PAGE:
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Integrated Financial Planning


The Benefits of Integrated Financial Planning

At Five Seasons, Wealth Management includes ongoing financial planning services. These services may include retirement planning and projections, tax minimization strategies, insurance needs analyses and reviews, advice on debt management and on education funding, and so on. Clients derive considerable value from this integrated financial planning. Here are some recent findings from an extensive survey by the Financial Planning Standards Council:

  1. "[Individuals] who have engaged in comprehensive, integrated financial planning are significantly more optimistic about their personal well-being as compared with those who have not."
  2. "Individuals with comprehensive, integrated plans feel better prepared to deal with financial emergencies and manage through difficult economic times, and are more confident about reaching a wide spectrum of life goals."
  3. "... there is measureable proof that those who have engaged advisors for only piece-meal, "as needed" financial advice are being left behind by [those] engaged in comprehensive, integrated planning."

The Benefits of Professional Financial Planning 

 Survey after survey describe the precarious financial position in which many seniors, pre-retirees and parents find themselves because of a lack of adequate financial planning. Irrational overconfidence seems to manifest itself in all types of retirement-related decisions.  Recently the American College quizzed over a thousand people at retirement age with more than $100,000 in investible assets on a variety of retirement- and investment-related topics.  More than 90% of the test-takers were at least moderately confident in their ability to achieve a secure retirement.  Only 21% passed the test.

... it's time to start practicing what I preach: I'm going to get some help with my retirement planning. Yes, you can glean (and we hope you have) a lot of information from these pages and other resources. But let's be honest: Most of us don't have the expertise, and most of us don't take the time, to develop a solid financial plan for retirement.

- Wall St. Journal personal finance reporter Glenn Ruffenach, from his article entitled "OK, I Admit It. I Need Some Help."

The Benefits of Personalized Financial Planning

 In this day and age, there is an overabundance of free and low-cost resources to help with financial planning issues and concerns.  These resources range from well-meaning friends and family to TV pundits, and from financial articles replete with rules of thumb to online calculators.  But as is often the case, you get what you pay for:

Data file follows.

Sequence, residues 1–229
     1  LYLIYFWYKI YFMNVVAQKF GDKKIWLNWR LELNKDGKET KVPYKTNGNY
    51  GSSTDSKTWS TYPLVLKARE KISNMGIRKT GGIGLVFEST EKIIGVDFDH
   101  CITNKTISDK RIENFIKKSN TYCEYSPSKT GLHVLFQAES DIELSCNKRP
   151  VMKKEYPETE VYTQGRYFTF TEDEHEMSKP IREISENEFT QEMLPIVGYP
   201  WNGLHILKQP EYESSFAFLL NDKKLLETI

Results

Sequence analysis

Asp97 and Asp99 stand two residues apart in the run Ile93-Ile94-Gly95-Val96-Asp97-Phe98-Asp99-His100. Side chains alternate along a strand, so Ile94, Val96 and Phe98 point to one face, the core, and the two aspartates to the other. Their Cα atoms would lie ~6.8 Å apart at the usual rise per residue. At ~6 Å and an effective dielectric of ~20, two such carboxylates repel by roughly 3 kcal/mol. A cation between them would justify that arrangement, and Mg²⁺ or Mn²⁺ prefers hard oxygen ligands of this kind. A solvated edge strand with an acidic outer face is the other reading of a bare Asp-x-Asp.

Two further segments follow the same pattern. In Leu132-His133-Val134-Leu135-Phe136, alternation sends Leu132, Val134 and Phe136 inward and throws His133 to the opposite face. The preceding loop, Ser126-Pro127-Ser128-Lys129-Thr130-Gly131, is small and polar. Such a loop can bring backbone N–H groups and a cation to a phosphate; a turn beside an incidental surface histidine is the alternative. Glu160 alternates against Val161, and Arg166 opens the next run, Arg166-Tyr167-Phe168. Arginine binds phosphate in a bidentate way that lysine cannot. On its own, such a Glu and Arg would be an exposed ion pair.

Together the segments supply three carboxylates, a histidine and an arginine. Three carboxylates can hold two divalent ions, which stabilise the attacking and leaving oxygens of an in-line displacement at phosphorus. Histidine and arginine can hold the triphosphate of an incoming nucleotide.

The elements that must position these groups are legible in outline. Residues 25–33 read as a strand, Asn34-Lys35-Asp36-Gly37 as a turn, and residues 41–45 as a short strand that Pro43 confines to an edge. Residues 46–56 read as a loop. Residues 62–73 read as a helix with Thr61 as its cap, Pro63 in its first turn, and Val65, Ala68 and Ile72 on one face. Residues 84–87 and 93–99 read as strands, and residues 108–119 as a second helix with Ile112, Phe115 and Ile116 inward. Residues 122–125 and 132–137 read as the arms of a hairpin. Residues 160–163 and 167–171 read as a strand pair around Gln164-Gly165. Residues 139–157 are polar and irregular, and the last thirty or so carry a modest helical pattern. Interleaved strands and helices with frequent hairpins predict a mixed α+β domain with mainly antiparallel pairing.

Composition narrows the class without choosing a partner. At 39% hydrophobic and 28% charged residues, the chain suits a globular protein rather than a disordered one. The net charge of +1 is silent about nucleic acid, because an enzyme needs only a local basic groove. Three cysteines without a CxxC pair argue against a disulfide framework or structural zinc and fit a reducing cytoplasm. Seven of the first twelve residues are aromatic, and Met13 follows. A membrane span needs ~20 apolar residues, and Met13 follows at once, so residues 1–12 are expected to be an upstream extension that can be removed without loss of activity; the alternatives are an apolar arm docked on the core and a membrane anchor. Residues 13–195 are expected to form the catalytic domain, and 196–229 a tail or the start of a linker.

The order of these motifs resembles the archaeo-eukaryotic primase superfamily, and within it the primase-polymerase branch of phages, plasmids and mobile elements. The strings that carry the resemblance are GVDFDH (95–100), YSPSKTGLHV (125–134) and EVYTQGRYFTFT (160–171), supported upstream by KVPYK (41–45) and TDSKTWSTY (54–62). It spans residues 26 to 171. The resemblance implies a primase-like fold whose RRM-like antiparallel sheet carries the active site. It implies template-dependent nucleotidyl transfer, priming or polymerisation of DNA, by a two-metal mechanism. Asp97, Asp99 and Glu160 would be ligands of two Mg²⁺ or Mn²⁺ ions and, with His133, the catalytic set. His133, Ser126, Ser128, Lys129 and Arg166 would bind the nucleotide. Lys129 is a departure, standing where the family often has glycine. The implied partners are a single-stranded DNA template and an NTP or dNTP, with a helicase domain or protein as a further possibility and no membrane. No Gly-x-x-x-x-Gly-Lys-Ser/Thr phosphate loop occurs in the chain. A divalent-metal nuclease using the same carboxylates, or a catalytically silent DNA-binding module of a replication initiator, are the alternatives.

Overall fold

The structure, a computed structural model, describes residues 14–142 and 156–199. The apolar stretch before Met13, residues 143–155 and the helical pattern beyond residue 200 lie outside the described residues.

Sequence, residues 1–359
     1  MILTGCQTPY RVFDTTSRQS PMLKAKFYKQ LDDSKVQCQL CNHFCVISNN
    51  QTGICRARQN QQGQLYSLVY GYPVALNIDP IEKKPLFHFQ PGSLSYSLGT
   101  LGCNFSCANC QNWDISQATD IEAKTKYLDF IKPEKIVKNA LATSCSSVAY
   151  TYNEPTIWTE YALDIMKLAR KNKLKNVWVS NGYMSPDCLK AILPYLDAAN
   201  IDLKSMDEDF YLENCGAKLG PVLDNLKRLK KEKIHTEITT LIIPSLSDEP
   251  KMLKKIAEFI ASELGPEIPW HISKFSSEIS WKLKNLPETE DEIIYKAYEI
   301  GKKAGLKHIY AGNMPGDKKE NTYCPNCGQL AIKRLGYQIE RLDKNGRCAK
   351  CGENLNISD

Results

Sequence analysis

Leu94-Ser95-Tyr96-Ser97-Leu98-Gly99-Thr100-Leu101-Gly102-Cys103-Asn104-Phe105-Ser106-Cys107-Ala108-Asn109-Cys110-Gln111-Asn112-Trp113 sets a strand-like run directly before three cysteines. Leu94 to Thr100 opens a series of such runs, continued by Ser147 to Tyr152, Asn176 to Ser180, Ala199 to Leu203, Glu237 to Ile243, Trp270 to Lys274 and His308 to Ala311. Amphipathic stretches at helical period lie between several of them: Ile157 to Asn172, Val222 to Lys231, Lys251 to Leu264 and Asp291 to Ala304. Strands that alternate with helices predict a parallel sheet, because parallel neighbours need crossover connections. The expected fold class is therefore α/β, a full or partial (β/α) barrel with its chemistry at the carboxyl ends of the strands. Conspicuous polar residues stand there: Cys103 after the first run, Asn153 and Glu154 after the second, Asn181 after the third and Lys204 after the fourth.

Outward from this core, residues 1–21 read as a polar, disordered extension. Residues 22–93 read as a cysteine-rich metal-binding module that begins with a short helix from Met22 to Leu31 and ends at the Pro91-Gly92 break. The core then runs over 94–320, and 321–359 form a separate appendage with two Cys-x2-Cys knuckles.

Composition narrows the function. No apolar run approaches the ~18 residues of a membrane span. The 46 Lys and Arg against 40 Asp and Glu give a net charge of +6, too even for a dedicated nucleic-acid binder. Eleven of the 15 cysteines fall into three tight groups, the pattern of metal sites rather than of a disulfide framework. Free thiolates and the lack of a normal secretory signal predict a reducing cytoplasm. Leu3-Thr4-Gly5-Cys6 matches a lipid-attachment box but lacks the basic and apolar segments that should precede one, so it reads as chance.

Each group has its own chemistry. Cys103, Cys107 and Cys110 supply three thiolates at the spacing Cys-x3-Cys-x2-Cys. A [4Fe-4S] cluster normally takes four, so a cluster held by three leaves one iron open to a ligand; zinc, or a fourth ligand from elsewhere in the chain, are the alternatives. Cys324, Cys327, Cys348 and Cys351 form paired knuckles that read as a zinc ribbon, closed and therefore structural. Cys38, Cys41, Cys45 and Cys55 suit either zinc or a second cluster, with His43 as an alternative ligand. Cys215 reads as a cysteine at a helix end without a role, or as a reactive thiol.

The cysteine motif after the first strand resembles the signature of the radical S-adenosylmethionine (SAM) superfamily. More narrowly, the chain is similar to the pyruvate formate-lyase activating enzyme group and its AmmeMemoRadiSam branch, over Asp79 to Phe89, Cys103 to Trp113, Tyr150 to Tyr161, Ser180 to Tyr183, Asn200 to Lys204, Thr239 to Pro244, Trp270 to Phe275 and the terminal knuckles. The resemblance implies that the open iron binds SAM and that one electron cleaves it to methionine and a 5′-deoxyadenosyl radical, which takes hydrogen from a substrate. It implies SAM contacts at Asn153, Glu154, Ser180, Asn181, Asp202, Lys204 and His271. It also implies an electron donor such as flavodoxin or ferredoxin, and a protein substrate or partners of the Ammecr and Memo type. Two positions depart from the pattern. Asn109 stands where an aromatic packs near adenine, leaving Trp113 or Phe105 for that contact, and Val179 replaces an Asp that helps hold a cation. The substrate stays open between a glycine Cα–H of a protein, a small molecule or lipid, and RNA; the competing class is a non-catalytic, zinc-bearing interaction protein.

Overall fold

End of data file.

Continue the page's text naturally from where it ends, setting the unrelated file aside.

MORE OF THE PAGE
Online Retirement Calculators Are Found Lacking

Many members of the public rely on online calculators to perform retirement projections for themselves. A recent research study calls into question the reliability of these online retirement calculators.  Researchers from Texas Tech. and UVU analyzed 36 different retirement calculators available online to the public and found "... that the advice provided from a majority of these tools is extremely misleading to households ..." and that "... households are overestimating tool effectiveness."

At the end of the day, there's an acronym often used by engineers that's applicable here: GIGO.  It stands for Garbage In, Garbage Out. And it means in this case that no matter how good your software is, if your inputs are inaccurate or unrealistic, your results will be unreliable.  So the real trick to performing valuable retirement projections comes in the experience to use valid inputs, and in the judgment to interpret the results.  


Rules of Thumb Are Unreliable

Articles about financial planning are rife with rules of thumb that downplay the effects of readers' individual circumstances on critical financial decisions.  "Your portfolio's percentage allocation to equities should be 100 minus your age".  "Life insurance coverage should be 5 times your current income".  "You need 20 times your annual gross income to retire."

A recently released academic study by professors Scholz and Seshadri of the U. of Madison-Wisconsin debunks another of these rules of thumb: "You'll need to replace 70% (or 80% or 90%, take your pick) of pre-retirement income once you retire".  In fact, the authors of the study concluded that no more than 15% of the population had an optimal income replacement ratio of between 65% and 90%. They found optimal replacement rates ranged between 23% and 240%, depending on a variety of factors.

"Rules-of-thumb are for people who want to decide things without thinking about them."

-Lynn Hopewell, former editor of The Journal of Financial Planning